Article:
TODAY is the 40th anniversary of the world premiere of the film Life of Brian, the Monty Python team’s very irreverent take on religion which shocked many people when it was first released but is now accepted as a classic of British cinema.

It has regularly been voted Britain’s funniest film and in 2000 the readers of Total Film magazine voted it as the funniest film ever made anywhere, an accolade which Channel 4 repeated in 2006.


IT should be noted that after the success of Monty Python and the Holy Grail, the Python team of Graham Chapman, John Cleese, Terry Gilliam, Eric Idle, Terry Jones and Michael Palin deliberately set out to use humour to mock religiosity and blind faith.

In 1976, however, Mary Whitehouse – the self-proclaimed campaigner against the permissive society – brought a prosecution against the publishers of Gay News and its editor Denis Lemon over their printing of a poem by James Kirkup that depicted a Roman centurion having sex with Jesus Christ.

Gay News Ltd and Lemon were found guilty of blasphemous libel and fined, with the judge telling the editor that he nearly jailed him. The appeal was dismissed in 1978 and again in 1979 meaning that anyone whose work was found blasphemous could be sent to prison.

Fearing criminal action, the Monty Python team decided to have the premiere in New York as it did not have any blasphemy laws. It opened in five cinemas, the biggest being Cinema 1 in New York.

On August 17 the film opened to good reviews and massive protests by Christians, mostly, but also by Muslims and Jews, none of whom could possibly have seen the film.

This was to be a recurring theme over the next few months – vehement protests and condemnations by people who had not seen the movie.

Religious leaders in the USA queued up to blast the film which only ended up making it even more popular – John Cleese would later say to the critics “thanks for making me rich”.

At Cinema 1, it broke box-office records and ended up being the highest-grossing British film of the year in the USA.


FOR those who haven’t seen it, the joke was that the “life” of the title was that of a Jewish lad, Brian Cohen, who just happened to be born on the same day, and next door to, Jesus Christ. He is subsequently mistaken for The Messiah and perhaps the film’s best known line shows why it was not blasphemous.

Terry Jones, who directed the film, also played Brian’s mother. Exasperated by the crowds following him she bellows: “He’s not the Messiah, he’s a very naughty boy!”

Had the Pythons depicted Jesus Christ as the main character, they could have faced blasphemy charges. But they were very careful not to involve any direct disrespect of Jesus - Brian got it all.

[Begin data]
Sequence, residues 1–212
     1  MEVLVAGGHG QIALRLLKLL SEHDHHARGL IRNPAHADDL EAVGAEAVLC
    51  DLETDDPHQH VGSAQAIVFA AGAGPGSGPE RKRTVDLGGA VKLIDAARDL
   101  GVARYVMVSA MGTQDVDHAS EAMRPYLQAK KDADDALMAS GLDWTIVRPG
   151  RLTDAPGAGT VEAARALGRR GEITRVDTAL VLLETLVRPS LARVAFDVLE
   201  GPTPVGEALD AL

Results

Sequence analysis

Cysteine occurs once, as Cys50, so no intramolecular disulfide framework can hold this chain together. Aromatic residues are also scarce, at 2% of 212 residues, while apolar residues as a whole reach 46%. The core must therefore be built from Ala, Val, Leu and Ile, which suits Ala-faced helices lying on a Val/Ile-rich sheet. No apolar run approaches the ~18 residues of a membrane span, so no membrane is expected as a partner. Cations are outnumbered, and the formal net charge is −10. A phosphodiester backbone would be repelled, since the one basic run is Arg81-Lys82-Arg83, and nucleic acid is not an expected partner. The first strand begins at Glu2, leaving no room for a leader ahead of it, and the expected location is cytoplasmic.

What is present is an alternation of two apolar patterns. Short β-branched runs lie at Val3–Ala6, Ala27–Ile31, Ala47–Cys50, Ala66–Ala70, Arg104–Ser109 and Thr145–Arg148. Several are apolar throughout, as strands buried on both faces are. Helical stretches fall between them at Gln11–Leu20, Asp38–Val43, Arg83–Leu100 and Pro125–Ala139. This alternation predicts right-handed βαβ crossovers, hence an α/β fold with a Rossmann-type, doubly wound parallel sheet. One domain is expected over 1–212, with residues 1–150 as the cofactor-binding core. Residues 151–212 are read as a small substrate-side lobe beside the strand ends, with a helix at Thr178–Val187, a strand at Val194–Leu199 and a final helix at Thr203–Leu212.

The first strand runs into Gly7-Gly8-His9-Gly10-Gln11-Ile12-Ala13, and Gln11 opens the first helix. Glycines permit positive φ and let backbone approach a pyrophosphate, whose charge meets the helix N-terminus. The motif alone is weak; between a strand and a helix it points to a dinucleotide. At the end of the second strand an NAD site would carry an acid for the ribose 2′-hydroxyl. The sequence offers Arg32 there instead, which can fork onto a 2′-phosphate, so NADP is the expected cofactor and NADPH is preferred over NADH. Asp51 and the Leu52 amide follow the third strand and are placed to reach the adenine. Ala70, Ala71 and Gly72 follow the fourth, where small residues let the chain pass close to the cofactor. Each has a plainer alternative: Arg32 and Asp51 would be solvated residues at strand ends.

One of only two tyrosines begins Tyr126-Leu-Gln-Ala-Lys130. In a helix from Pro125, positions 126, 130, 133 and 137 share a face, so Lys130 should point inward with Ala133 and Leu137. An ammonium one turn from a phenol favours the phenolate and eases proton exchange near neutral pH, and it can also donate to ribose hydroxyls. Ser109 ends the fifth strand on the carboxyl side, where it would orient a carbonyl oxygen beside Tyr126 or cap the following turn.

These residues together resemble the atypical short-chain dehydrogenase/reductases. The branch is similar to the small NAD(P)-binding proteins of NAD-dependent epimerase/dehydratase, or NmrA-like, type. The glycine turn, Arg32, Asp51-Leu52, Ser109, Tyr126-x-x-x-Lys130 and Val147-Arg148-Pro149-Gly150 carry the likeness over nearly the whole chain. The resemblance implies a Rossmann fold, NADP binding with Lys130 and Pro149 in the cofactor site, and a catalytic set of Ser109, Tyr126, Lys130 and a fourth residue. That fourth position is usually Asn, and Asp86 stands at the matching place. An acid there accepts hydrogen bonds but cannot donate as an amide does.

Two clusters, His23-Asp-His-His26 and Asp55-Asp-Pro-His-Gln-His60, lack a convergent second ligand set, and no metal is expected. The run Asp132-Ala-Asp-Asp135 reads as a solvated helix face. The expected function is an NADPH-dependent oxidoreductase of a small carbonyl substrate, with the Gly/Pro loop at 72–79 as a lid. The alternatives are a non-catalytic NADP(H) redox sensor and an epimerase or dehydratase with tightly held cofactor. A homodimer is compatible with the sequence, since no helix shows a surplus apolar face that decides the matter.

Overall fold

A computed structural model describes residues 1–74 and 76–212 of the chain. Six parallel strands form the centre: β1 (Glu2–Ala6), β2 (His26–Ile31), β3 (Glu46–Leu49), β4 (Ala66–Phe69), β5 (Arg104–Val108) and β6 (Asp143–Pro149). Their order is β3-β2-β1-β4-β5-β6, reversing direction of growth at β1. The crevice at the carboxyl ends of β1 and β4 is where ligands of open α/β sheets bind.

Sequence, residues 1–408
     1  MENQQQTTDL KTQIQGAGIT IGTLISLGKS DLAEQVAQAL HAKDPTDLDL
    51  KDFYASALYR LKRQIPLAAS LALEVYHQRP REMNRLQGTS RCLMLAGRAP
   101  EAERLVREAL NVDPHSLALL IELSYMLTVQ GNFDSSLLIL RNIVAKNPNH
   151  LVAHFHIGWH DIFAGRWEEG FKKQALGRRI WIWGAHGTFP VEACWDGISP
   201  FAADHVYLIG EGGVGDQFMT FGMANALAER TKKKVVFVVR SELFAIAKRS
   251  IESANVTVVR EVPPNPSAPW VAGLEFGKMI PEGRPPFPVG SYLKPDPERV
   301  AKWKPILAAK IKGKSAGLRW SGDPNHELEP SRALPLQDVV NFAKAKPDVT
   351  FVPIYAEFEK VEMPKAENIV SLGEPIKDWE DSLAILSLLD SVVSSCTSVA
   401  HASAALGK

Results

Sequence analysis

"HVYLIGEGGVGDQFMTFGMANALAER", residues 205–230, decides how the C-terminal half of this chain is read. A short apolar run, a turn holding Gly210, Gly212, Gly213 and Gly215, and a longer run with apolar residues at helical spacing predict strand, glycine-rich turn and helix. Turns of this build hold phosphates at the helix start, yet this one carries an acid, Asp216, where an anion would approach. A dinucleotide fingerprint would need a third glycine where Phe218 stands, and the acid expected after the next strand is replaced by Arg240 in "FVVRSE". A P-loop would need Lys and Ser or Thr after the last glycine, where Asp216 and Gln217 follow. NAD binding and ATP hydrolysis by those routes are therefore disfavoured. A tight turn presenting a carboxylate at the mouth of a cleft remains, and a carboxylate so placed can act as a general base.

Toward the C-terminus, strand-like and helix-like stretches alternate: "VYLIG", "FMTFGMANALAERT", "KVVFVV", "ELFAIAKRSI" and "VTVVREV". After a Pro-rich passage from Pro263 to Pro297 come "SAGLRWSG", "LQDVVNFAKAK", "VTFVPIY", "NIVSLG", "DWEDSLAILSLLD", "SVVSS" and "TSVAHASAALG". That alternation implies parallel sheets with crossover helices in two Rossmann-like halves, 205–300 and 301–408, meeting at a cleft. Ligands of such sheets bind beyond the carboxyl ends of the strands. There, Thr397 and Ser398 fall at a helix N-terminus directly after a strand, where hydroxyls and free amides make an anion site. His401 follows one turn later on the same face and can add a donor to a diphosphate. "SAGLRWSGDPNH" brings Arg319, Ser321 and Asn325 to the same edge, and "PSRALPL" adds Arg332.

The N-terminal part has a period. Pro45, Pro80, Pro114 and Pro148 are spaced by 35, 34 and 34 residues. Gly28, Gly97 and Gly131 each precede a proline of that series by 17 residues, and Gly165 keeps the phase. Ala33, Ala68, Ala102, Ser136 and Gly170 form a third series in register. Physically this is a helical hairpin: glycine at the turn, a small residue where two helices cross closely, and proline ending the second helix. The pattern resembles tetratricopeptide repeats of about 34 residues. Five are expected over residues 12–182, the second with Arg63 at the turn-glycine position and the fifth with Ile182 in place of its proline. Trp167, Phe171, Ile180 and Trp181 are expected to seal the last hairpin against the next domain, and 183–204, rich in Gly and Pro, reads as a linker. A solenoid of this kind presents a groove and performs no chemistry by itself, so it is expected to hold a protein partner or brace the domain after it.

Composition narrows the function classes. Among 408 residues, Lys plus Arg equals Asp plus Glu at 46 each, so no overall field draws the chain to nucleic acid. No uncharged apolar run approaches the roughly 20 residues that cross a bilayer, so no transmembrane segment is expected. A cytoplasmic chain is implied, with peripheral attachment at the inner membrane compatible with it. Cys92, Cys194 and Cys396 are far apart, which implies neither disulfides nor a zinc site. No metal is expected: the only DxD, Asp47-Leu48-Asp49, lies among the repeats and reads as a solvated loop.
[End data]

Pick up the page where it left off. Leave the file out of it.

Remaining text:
THOUGH there are not even any blasphemy laws in the UK any more, back then it was still possible for councils to change a film’s certificate or ban a film altogether on various criteria – too much sex and violence, or suspicion of blasphemy. Britain’s film censors only gave the film an AA certificate, the equivalent of a 15 certificate now, which infuriated Mary Whitehouse and church leaders who had demanded that it should get an X.

We can look back now and laugh at the antics of local councillors up and down the UK, some of whom were alarmed at the reports of protests coming from the USA and banned it on public safety grounds, though some of the 39 councils which banned it across Britain did so as they accused the Pythons of blasphemy.

Glasgow District Council banned it, and its successor body, the City of Glasgow Council was the last authority in the UK to lift the ban some 29 years on.


THAT’S the miracle, if you’ll pardon the word, of Life of Brian. EMI were committed to financing the film but two days before the cast and crew moved to Tunisia for the main shoot, EMI chief Bernard Delfont pulled the plug after somebody in the organisation read the final script.

At the last minute, in stepped George Harrison, the former Beatle, who put up $4 million of his own money. He said he owed the Pythons because their antics had kept him sane during The Beatles’ break-up.

His substantial profits, helped along by all the controversy, went towards financing HandMade films, makers of The Long Good Friday, Mona Lisa, Time Bandits and other British films of the 1980s.